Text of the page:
But political will to pay inmates any wage at all is very low, Reece said.

"I can't see paying inmates anything," Reece said. "I would much rather take that money and put 25 more state troopers on the highway."

She said meals and living conditions in Georgia prisons are, to her knowledge, in line with federal regulations. And she said some inmates who take part in special work programs can be paid up to $7.25 an hour, but such programs are available only to model inmates.

"Most of the men that I have encountered on (unpaid) work details take real pride in their work and are appreciative of the chance to work," Reece said. "If they weren't out working, they'd just be sitting behind the fence."

Security has been tightened at the four prisons on lockdown since Thursday, corrections officials said. There have been no major incidents or issues reported, a department news release stated.

"During the lockdown, inmates are confined to their cells and there is no visitation, telephone calls or commissary visits," Department of Corrections spokeswoman Kristen Stancil said in the release. "Georgia's 26 other state prisons are operating under normal conditions."

Once a security assessment is complete, some privileges could be restored, officials said.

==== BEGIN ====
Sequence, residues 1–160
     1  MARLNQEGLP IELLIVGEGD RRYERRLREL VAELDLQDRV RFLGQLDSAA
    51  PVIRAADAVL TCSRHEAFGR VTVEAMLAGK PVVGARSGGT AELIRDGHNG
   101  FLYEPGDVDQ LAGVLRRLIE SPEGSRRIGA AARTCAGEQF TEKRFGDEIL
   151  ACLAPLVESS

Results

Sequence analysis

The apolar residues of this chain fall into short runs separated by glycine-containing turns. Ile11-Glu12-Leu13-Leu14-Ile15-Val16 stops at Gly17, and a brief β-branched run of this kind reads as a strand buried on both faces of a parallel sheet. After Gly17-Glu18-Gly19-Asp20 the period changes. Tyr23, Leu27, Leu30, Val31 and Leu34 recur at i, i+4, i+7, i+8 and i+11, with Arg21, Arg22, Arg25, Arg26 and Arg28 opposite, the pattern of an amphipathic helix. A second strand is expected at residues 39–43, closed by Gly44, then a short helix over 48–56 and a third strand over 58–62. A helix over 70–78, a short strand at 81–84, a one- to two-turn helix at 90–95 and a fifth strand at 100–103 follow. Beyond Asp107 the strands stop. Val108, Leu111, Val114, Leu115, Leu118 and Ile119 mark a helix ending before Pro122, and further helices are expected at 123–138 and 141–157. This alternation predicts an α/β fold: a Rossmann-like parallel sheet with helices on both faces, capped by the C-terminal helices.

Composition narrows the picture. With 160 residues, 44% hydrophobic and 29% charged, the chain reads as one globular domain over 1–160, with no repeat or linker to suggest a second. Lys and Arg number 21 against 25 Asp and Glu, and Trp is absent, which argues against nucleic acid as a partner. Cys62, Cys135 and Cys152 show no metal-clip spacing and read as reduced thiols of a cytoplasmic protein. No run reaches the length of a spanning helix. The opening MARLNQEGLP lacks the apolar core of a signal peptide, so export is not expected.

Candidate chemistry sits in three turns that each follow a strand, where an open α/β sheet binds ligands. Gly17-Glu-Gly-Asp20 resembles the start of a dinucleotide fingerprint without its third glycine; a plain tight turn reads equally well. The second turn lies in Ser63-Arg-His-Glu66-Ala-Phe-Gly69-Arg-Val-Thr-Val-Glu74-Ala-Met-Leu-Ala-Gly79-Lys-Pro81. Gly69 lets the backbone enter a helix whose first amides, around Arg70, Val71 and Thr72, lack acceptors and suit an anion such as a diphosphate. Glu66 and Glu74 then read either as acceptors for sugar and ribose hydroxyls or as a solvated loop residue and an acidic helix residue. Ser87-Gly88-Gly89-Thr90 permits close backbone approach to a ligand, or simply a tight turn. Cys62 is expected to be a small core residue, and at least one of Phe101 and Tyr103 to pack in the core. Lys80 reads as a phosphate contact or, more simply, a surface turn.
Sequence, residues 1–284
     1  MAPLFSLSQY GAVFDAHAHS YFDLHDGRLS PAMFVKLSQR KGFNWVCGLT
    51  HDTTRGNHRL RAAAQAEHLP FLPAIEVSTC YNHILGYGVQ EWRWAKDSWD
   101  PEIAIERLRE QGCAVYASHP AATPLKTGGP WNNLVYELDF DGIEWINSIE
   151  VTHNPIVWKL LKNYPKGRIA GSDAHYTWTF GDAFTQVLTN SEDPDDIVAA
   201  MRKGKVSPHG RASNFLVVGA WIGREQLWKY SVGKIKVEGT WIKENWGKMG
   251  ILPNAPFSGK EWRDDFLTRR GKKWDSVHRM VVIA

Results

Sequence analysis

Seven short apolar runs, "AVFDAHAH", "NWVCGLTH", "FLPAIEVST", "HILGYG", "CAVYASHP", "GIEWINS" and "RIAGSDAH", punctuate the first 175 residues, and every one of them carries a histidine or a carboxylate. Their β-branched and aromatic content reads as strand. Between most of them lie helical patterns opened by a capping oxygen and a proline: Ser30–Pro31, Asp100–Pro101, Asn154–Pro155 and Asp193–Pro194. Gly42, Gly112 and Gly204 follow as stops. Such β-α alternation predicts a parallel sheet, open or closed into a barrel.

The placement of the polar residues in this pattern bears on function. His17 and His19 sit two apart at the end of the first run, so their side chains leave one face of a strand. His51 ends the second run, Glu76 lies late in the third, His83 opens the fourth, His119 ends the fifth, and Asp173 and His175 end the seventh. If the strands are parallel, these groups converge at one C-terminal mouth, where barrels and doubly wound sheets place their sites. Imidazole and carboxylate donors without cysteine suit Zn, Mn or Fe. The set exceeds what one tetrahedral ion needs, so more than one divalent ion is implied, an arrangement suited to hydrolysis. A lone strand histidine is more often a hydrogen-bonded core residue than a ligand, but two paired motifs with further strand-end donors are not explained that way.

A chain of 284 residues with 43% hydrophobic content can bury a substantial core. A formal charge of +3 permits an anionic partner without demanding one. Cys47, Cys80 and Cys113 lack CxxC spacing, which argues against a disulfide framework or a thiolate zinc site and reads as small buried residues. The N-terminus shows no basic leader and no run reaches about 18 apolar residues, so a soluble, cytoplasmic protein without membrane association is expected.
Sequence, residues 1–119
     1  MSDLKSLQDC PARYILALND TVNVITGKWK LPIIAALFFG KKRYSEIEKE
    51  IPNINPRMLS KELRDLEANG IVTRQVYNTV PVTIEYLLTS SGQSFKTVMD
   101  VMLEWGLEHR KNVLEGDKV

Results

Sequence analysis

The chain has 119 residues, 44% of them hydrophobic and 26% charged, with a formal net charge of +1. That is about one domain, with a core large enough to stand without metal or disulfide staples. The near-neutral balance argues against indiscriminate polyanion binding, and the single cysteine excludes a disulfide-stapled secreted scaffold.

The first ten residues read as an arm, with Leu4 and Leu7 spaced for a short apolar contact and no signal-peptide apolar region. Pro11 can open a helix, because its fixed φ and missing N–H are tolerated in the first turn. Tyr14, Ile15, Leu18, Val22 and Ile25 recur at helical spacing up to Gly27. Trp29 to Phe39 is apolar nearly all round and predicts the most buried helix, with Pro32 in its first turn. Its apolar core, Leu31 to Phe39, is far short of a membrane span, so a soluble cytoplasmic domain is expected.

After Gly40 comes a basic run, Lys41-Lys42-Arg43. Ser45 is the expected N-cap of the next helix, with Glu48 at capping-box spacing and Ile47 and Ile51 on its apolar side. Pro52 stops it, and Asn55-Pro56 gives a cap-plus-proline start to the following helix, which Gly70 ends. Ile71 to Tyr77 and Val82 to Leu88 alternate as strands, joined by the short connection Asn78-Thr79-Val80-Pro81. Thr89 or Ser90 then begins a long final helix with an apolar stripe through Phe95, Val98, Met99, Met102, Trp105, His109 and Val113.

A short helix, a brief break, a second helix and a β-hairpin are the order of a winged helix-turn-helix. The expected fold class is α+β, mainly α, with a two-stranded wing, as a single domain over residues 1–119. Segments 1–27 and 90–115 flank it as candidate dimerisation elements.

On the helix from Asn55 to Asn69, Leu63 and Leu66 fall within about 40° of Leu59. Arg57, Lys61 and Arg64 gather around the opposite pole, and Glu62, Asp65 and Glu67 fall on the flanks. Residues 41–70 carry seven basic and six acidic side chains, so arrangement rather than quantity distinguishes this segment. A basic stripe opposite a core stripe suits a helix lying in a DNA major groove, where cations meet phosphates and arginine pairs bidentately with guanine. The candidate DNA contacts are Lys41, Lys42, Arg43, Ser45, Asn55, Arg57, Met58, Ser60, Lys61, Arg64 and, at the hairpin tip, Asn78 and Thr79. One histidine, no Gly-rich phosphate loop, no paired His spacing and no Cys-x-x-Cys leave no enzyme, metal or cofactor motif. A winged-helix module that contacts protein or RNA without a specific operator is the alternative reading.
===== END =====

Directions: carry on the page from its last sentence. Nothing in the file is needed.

"The department's mission of maintaining safe and secure facilities is non-negotiable and will not be jeopardized," said Corrections Commissioner Brian Owens. "The department will ensure appropriate safety measures are in place before the lockdown is lifted."

Contact staff writer Adam Crisp at or 423-757-6323. Follow him on Twitter at

about Adam Crisp...

Adam Crisp covers education issues for the Times Free Press. He joined the paper's staff in 2007 and initially covered crime, public safety, courts and general assignment topics. Prior to Chattanooga, Crisp was a crime reporter at the Savannah Morning News and has been a reporter and editor at community newspapers in southeast Georgia. In college, he led his student paper to a first-place general excellence award from the Georgia College Press Association. He earned ...

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ann said...

I do not support people who break the law,but i do disagree with our system,as one said in the interview they were been punished for their crime and to pay,that is true but when they pay that by been locked up they should be free when they get out and not have all these probation fees,court cost and everything else that the court can attach to them,this is not right, then they label them as unfit,and treat them worse then animals and they come out of there meaner than ever because of the way they have been treated,instead of that kind of treatment try to learn them skills to help when they get out talk to them like they can be different don't curse and beat them or take from them,they are still humans,and can be better if the prison keepers would treat them in that manner,i know their job is hard but they also make it harder by treating these prisoners like dirt,it has been proven by some prisons been kind to their prisoners and giving them privilege's that they all get alone better have less fights and help each other,it wouldn't hurt to try that

December 14, 2010 at 1:14 a.m.
rockman12 said...